Over the last few weeks we have been looking at this incredible account of the raising of Lazarus. We’ve looked at Jesus’ reaction when he heard the news of his friends illness, we’ve looked at Mary and Martha, we’ve looked at the way Jesus dealt with the sorrow and grief of the sisters. But today we change scenes. We’d like to see more. We’d like to be in on the celebration and her Lazarus’ story firsthand. But while some party and celebrate . . . .others are plotting. I could have titled this message: “Meanwhile, back in Jerusalem”.
We see that there were two groups of people who left the cemetery that day. One group headed back to the home of Martha and Mary in Bethany to celebrate. The other group took the road to Jerusalem to complain. It’s this later group that we follow this morning. Most likely this information was given to John by Nicodemus who was a member of the Sanhedrin and also a follower of Christ.
The Sanhedrin was a “supreme court” of sorts. It was made up, by some reports, of 71 members who were divided among the Pharisees, the Sadducees and was led by the High Priest. If you think of one of our houses of Congress you wouldn’t miss the picture by much. The Sanhedrin was given a limited scope of power by the Romans to take care of matters in Israel. The Sanhedrin then became a group very concerned about maintaining order so as not to lose the power of self-rule that they had.
In our text this morning we get to listen in on a meeting that took place after Jesus raised Lazarus from the dead. I pray you will see with me that Man at his worst is very often the place where we see God at His best.
We See Man at His Worst
Unwilling to Believe
First, we notice that they were unwilling to see the truth. They knew about the miracles, they knew the effect they are having, but they refused to commit themselves to this one who did the works of God. Rather than asking, “is He truly the Messiah?” They asked, “how do we stop Him?”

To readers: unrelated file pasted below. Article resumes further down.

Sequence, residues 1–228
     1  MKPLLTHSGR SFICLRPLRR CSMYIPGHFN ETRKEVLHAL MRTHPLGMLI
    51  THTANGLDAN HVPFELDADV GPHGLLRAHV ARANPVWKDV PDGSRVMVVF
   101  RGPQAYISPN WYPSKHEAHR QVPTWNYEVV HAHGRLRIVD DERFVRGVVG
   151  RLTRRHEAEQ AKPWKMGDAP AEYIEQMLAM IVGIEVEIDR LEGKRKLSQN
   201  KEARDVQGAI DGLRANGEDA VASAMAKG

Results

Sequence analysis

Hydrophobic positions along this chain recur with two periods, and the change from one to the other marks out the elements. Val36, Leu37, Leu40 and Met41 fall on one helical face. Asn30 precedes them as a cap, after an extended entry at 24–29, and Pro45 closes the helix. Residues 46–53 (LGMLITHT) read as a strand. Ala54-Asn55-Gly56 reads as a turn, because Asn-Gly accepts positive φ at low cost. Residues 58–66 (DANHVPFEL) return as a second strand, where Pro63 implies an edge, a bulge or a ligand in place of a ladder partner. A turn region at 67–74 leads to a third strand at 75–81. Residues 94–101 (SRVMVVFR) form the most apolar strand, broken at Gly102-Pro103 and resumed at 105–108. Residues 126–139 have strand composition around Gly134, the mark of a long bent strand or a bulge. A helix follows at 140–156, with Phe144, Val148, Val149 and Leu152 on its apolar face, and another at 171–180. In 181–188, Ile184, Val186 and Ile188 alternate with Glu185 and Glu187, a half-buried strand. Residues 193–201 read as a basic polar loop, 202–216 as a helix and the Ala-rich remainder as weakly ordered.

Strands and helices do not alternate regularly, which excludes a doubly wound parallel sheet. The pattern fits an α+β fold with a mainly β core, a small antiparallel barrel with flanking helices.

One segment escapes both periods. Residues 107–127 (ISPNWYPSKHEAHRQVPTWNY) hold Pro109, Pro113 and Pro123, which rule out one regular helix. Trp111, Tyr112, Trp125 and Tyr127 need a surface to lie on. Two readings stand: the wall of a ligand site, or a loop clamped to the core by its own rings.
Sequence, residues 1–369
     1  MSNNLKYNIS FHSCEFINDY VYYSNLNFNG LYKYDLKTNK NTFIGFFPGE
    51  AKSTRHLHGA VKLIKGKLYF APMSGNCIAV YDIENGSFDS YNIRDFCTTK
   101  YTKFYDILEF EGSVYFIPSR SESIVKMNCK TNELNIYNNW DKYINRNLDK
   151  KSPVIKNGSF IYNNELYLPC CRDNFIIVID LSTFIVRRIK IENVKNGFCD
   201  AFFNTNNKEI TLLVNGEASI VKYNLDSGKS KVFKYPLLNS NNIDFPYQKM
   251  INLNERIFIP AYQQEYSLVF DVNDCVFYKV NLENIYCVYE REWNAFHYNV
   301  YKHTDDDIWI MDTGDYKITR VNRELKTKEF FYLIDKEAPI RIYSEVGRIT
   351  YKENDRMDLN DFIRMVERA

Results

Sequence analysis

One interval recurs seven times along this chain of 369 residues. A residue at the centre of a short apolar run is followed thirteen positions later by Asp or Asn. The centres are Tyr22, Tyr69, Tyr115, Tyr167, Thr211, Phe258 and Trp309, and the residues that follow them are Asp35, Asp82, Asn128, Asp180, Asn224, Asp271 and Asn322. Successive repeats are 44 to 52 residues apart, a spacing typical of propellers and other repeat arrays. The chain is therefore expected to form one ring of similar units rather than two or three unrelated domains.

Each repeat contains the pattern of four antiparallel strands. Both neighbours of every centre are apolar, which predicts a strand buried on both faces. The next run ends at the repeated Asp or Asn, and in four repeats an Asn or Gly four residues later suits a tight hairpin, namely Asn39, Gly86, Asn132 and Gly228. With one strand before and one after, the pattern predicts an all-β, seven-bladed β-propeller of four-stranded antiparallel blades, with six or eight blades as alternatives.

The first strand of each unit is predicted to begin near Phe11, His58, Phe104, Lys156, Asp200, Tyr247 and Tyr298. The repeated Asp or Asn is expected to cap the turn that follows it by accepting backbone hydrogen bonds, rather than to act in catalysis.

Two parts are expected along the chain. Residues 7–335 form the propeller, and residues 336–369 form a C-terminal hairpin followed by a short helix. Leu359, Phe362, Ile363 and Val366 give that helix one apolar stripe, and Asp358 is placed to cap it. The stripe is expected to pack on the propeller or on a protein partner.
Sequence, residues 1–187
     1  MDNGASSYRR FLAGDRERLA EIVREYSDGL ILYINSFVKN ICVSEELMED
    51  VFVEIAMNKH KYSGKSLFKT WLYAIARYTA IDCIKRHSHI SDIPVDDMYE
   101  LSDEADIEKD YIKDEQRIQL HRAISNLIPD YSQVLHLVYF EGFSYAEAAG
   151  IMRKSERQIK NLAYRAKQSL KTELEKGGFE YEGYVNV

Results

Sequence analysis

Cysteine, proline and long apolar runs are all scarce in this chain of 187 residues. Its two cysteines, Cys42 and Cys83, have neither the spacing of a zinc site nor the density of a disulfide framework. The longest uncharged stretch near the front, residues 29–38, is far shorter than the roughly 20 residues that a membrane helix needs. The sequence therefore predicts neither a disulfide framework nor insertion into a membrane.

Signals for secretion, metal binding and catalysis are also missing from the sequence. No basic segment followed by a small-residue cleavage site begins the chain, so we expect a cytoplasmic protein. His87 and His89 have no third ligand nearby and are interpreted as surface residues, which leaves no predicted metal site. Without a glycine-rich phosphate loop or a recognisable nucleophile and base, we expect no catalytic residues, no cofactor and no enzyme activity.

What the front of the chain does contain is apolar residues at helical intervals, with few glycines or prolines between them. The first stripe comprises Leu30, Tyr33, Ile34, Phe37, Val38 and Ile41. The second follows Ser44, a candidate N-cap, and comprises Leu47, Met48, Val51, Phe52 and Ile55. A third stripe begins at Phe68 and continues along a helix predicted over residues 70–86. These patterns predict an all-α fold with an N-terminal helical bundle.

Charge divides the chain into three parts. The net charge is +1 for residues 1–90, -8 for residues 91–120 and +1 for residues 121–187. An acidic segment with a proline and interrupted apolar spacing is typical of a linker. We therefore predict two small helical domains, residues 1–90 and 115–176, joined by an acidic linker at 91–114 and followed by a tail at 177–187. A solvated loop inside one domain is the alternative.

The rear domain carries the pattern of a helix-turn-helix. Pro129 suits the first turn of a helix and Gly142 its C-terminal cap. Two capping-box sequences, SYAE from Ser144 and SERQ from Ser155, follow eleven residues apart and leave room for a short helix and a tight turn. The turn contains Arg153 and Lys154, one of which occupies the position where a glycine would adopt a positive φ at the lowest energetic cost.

Filled with rationalizations for their sin
Their first rationalization was: If we don’t stop Him everyone will desert the “true faith”. They saw Jesus as a false teacher and believed He was leading the people astray. Yet they never fully examined His claims. If we don’t stop Him we will lose our position of influence
Second, they said they must do something or they would lose their PLACE. I think we gain some insight into the true objection . . . they were jealous!
Two shopkeepers were bitter rivals. Their stores were directly across the street from each other, and they would spend each day keeping track of each other’s business. If one got a customer, he would smile in triumph at his rival. One night an angel appeared to one of the shopkeepers in a dream and said, “I will give you anything you ask, but whatever you receive, your competitor will receive twice as much. Would you be rich? You can be very rich, but he will be twice as wealthy. Do you wish to live a long and healthy life? You can, but his life will be longer and healthier. What is your desire?” The man frowned, thought for a moment, and then said, “Here is my request: Strike me blind in one eye!”
These men were like the Sanhedrin. They would rather eliminate Jesus rather than accept the blessings He offers
Their third rationalization: If we don’t stop Him we will lose our nation. The Sanhedrin were given the responsibility of watching over Israel and guarding their place in the Roman world. The last thing they wanted was a man being called “King” to incur the wrath of Rome.
But, Jesus never claimed an earthly kingdom. Jesus advocated good citizenship. He told people to “render to Caesar the things that are Caesar’s and to God the things that are God’s.”
It is ironic that the very thing they dreaded . . . the destruction of Jerusalem, came in 70 a.d. And most feel it was for killing the Son of God!
Before we shake our heads at the depth of these men’s sin we must look at how easily we rationalize and excuse sin. The cycles is pretty predictable.
1. Transgression, exposure, repentance
2. Transgression, exposure, excuse
3. Transgression, exposure, justification
4. Transgression, exposure, “I didn’t do anything wrong”
5. The one who transgressed blames the one who disagrees with them as being narrow-minded.
We do this with our “white lies”. They are harmless, we say. However, it is difficult to stop telling bigger lies.